Italian-born architect Paolo Soleri, who began building a futuristic community called Arcosanti north of Phoenix more than 40 years ago but never completed it, died Tuesday. He was 93.
Officials of the Cosanti Foundation said Soleri died of natural causes at his Paradise Valley home.
Soleri broke ground on Arcosanti in 1970 on the basalt cliffs overlooking the Agua Fria River in Cordes Junction about 70 miles north of Phoenix.
Soleri had said he dreamed of buildings and people interacting as a “highly evolved being.” The sun would warm residents, the breeze would cool them and nature would surround them. The buildings would soar, reaching toward the sky with small apartments and large public spaces.
Soleri preached community and conservation. Arcosanti would be his experiment of thousands of people living together on 860 acres of desert to teach the world how to grow. He called the vision “arcology,” a word he invented combining architecture and ecology.
But the futuristic community is only about 5 percent complete and fewer than 90 people live at Arcosanti.
There are 14 primary buildings — including some housing units, a foundry, a music center and a drafting-studio complex — plus a swimming pool with a greenhouse now being built.
“I would have been crazy if I thought it would be this slow,” Soleri told The Arizona Republic in 2010. “I am a prisoner of my own age.”
As visitors enter Cosanti Originals, they are met by the sounds of hammers and metal saws. Famed architect, artist and philosopher Paolo Soleri and his students built the Cosanti gallery in the 1950s. Soleri, who retired from the Cosanti Foundation last year, has created notable destinations around Arizona, including Arcosanti, which is a series of buildings built in the desert that work to study the connection and people living harmoniously with the environment. He also designed “Soleri Bridge” in Old Town Scottsdale, which highlights the sun by casting different shadows depending on the time of year and day.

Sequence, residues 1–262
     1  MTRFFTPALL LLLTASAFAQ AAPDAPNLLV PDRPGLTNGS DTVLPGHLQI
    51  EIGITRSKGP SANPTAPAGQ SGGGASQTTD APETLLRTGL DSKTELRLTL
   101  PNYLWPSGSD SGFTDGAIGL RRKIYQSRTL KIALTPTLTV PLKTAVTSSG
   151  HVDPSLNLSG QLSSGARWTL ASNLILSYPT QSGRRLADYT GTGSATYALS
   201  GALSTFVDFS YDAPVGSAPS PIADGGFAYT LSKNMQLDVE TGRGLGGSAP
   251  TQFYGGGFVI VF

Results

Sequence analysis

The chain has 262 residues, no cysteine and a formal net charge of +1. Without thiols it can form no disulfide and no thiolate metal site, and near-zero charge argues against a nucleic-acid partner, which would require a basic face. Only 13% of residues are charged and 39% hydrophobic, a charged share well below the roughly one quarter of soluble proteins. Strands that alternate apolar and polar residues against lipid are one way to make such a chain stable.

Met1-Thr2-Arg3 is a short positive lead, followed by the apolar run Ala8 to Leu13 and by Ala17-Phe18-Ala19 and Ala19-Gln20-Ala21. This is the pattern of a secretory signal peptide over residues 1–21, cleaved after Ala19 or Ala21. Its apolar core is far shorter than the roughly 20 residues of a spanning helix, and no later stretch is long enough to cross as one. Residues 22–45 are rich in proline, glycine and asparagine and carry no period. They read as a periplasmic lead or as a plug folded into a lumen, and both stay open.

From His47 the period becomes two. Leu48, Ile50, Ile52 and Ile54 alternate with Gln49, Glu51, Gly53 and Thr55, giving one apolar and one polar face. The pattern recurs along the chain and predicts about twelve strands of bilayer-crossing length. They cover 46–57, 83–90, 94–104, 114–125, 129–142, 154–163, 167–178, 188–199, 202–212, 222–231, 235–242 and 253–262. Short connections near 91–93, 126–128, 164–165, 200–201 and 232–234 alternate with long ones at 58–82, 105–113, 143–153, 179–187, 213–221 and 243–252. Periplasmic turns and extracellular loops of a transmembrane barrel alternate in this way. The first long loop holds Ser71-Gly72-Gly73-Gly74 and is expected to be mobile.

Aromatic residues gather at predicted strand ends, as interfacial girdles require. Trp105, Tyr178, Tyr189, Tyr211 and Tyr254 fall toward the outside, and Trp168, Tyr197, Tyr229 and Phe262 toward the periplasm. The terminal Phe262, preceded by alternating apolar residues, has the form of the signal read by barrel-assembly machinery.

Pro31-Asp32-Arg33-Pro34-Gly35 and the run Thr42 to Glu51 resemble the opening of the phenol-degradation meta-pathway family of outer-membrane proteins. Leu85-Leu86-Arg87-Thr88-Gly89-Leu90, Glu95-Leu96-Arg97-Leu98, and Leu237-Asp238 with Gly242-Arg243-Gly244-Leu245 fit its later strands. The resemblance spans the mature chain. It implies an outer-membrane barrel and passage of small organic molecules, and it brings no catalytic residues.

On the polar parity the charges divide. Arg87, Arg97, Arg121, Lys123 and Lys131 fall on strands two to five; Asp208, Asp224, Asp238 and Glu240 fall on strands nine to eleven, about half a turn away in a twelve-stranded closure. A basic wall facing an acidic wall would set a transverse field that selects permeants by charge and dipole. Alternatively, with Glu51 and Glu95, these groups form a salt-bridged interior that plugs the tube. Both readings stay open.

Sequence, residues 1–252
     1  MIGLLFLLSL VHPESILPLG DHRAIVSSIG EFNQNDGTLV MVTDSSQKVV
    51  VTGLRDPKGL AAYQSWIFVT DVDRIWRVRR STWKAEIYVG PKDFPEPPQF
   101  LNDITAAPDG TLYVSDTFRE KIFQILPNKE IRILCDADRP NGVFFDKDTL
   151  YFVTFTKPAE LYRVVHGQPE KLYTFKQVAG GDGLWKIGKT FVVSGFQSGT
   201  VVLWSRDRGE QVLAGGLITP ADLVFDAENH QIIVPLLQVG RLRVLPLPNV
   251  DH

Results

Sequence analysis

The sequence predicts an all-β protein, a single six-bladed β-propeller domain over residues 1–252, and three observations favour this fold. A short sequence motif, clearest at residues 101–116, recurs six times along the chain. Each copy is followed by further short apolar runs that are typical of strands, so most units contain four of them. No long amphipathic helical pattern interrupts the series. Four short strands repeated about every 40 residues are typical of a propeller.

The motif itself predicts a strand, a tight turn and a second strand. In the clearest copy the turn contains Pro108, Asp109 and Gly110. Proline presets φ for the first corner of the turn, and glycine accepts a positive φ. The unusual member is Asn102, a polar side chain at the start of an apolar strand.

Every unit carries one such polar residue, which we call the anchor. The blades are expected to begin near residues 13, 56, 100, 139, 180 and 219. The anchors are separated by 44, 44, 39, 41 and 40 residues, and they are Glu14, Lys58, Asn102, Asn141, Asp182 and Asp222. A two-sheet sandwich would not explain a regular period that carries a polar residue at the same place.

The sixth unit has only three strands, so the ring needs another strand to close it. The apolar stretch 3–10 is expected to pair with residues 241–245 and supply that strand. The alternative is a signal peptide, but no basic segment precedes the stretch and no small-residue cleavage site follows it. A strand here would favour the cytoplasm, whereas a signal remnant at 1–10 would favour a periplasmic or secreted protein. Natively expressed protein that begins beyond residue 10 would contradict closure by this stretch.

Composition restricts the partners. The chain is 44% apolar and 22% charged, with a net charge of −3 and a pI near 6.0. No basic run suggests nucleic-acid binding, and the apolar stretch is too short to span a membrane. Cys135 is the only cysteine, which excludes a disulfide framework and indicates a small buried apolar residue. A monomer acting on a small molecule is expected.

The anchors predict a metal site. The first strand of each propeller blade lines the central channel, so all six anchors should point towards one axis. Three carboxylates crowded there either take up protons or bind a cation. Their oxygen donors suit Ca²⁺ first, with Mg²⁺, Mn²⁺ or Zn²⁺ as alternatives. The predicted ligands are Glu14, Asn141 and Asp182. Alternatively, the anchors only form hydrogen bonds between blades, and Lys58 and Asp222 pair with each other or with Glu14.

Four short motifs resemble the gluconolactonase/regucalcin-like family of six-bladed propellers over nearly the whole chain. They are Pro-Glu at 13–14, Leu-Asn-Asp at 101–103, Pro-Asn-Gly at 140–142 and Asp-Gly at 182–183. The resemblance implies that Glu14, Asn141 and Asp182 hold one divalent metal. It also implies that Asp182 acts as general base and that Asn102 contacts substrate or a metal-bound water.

At Cosanti, which means “against” or “before things,” visitors get a chance to tour the gallery where Paolo Soleri Windbells are created and sold. While Soleri has retired, his students continue his work, and visitors are able to watch the creation of the different types of sculptures, pots, bowls, tiles and Windbells. After watching the process, visitors are even able to purchase one of their own.
Visitors can either stroll through the gallery at their own pace, as long as they stay on the red brick path; or they can call ahead to reserve a guided tour where visitors will be educated about the history of Cosanti and the creation of the different types of Windbells.
For more information about Cosanti Originals, visit cosanti.com.
If You Go: Cosanti Originals
6433 E. Double Tree Ranch Rd.
Paradise Valley, AZ 85253
Hours: Monday through Saturday, 9 a.m. to 5 p.m.; and Sunday, 11 a.m. to 5 p.m.